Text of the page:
obesity​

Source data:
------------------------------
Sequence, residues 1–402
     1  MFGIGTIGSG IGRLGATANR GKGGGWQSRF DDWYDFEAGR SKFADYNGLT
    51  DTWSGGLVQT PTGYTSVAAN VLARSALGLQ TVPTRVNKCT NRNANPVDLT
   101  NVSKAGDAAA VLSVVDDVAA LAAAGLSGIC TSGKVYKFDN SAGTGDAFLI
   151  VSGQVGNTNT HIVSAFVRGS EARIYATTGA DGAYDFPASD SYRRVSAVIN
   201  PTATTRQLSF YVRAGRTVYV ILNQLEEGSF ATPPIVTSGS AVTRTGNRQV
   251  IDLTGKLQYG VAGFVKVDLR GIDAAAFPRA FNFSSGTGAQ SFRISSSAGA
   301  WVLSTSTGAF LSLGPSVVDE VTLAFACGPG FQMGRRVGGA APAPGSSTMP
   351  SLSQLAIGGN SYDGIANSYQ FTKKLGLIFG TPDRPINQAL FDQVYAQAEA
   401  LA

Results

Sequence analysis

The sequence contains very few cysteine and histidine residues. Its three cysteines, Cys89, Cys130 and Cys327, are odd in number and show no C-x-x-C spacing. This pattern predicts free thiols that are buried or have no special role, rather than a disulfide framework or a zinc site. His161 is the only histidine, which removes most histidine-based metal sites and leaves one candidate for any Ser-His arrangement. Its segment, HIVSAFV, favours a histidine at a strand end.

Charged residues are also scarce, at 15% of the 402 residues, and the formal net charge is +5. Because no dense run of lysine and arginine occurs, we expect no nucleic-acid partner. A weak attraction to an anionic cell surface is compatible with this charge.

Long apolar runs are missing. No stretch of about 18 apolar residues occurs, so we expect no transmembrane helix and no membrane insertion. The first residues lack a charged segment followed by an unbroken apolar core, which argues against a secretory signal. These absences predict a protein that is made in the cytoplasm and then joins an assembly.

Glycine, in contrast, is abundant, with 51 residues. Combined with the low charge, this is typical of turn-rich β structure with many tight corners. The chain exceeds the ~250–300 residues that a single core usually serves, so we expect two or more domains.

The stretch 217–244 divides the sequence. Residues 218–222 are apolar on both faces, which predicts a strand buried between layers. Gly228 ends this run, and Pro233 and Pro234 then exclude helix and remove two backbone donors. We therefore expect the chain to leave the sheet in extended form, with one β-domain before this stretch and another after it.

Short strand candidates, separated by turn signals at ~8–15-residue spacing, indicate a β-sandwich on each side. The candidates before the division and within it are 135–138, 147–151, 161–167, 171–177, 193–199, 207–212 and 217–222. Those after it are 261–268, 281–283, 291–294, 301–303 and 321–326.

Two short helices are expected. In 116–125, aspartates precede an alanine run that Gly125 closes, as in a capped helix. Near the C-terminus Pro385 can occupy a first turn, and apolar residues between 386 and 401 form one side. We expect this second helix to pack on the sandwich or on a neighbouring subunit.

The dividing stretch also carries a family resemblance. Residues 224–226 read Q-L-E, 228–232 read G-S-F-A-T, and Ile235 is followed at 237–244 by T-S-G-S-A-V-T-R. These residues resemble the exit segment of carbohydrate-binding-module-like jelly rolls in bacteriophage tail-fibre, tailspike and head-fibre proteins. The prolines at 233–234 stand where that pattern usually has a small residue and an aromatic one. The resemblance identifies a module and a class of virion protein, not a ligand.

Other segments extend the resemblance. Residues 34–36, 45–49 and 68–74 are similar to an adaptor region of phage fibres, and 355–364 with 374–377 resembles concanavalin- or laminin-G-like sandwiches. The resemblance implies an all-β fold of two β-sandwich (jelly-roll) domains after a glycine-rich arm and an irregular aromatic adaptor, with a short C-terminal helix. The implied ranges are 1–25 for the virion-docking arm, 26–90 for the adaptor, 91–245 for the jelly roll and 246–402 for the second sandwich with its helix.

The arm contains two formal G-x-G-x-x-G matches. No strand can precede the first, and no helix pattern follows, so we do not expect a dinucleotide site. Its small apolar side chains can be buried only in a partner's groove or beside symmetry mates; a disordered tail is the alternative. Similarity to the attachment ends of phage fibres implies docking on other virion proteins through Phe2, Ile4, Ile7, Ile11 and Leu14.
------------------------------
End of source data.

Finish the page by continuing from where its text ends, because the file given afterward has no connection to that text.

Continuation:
, diabetes and Alzheimer’s disease. About 22,000 genes make up the human genome, the basis of human inheritance. Genes must be removed from the body and isolated in order to be studied and utilized. Scientists with Myriad, a company based in Salt Lake City that had revenues of $496 million last year, used mapping tools to identify the genes associated with mutations that predispose women to breast and ovarian cancers. Scientists called these the BRCA1 and BRCA2 genes. The average American woman has a roughly 12 percent lifetime risk of developing breast cancer. Women with BRCA mutations, though, face a cumulative risk of up to 85 percent. Actress Angelina Jolie, for instance, elected to have a double mastectomy recently after she tested positive for the BRCA genes. Myriad obtained a number of patents relating to the isolated BRCA genes. “Groundbreaking, innovative or even brilliant discovery does not by itself satisfy that (patent) inquiry,” Thomas said, adding that while “Myriad found the location” of the genes, that discovery by itself didn’t render the genes “new compositions of matter” that were patent eligible. Myriad has been able to charge about $3,300 for its genetic­based tests for breast cancer, although the company notes that insurance covers most patients. Other scientists, meanwhile, have been limited in their ability to work with the genes. Intellectual property attorney Vernon Winters, who is with the San Francisco Bay Area offices of the Sidley Austin law firm, stressed that the court’s decision is limited in that it doesn’t disturb “method claims for manipulating genes or DNA” or “claims for new and specific applications for DNA sequences, as opposed to the isolated sequences themselves.” Barbara Rudolph, an intellectual property attorney in the Washington office of the Finnegan law firm, said in an interview that it was “hard to predict” how the decision would play out for companies and inventors, though she suggested that it was “a winner” for biotech firms that specialized in lab­synthesized cDNA, which remained patent eligible. Rudolph added that the court sought to balance whether patents serve as an incentive or an impediment to invention. Underscoring the scientific complications of the case, Justice Antonin Scalia issued a one­paragraph concurring opinion in which he noted the “fine details of molecular biology” in the court’s decision. “I am unable to affirm those details on my own knowledge or even my own belief,” Scalia said.